While it's been beautiful to see the area resoirvers filled to the brim, this double-edged sword is not without consequence....yes, the birds and other wildlife seem to love it, but if you were one of the fortunate folks who live lakeside and had to watch a few weeks back with bated breath as Lake O' the Pines jumped by leaps and bounds, it wasn't such a thrill. Friends and family in the surrounding areas had this predicament, and this tradeoff is not so nice if it's in YOUR back yard, lapping at YOUR door, or mangling YOUR dock! I'd actually taken some photos on Lake O' the Pines that I wanted to post, but did not because it felt wrong.  I know too many people that were either trying to procure sandbags or having to travel alternate routes to get to and from their homes to feel good about doing so.

   From data on the Corps of Engineers website, Lake O' the Pines was a high of nearly 242 feet, and is dropping now and at under 240.  Current release rate is 3,000 CFS, the maximum, so the Big Cypress Bayou is looking good, too.  This is 12 feet above normal winter pool.  Lake Wright Patman saw record levels of almost 255 feet, and was a whopping 33 feet above normal!

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Jill Wright
Beautiful photos and great information about the rains and their affect on Lake O the Pines, Krisiti!! Let's hope we have an amaz... Read More
Friday, 29 January 2016 12:24
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The Fine For Picking Up Feathers is Anything But Lightweight

FWS logo2005

There is no telling how many feathers I collected a kid.  I did that without ever killing a single bird for in the woods, I found feathers everywhere.  I had feathers from blue jays, crows, cardinals, doves, sparrows, mockingbirds, ducks, owls, hawks and dozens of other types of birds.  I had a very nice collection that I took to school and showed everyone.  Back then, no one thought anything about it.  Now, possession of those feathers would be a major problem.  Fines in the thousands would be coming and maybe jail time.  Today, it is a big deal.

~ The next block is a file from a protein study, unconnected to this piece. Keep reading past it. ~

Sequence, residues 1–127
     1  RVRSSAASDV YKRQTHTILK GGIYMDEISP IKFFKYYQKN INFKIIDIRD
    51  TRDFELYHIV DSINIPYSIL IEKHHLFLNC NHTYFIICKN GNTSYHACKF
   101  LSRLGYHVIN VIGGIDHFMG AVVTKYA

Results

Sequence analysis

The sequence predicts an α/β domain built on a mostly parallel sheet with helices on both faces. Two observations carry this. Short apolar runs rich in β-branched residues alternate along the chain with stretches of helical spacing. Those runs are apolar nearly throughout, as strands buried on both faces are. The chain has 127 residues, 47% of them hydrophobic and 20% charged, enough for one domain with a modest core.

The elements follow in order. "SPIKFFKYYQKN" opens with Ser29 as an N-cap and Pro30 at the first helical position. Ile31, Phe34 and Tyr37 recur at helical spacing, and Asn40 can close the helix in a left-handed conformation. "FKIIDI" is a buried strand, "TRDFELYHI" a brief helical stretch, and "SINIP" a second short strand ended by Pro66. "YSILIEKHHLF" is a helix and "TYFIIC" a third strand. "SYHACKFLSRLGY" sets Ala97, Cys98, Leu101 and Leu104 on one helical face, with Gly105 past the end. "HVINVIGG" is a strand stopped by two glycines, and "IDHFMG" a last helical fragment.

Most birds are protected by the Migratory Bird Treaty Act (MBTA) which makes possession of feathers or other parts of the bird to be illegal.  The idea of this is to protect wild birds from being killed for their feathers and in some cases, their claws or beaks.  There has always been a market for these items by collectors and for commercial trade.  It does not matter how the feathers were obtained.  You can't pick them up off the ground, pluck them from a dead bird on the road or get them from a dead bird your cat left on your step.  This is absolute.

For more information about the MBTA included a list of which species are included (almost all birds) visit the FWS website at http://www.fws.gov/migratorybirds/regulationspolicies/mbta/mbtintro.html.  

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Alligators in East Texas - Things You Should Know


The recent high water has gotten the wildlife moving.  Alligators may have been on the move.  A combination of high water and the breeding season has alligators crossing the roads and moving into ponds they have not been in before.  This is likely just a temporary result of the flood waters.

Alligators are a very mobile species.  In north east Texas, they can show up in some of the most unlikely places.  While it is important to remember that these are wild animals and all wild animals are inherently dangerous, generally alligators seek to avoid human contact as best they can.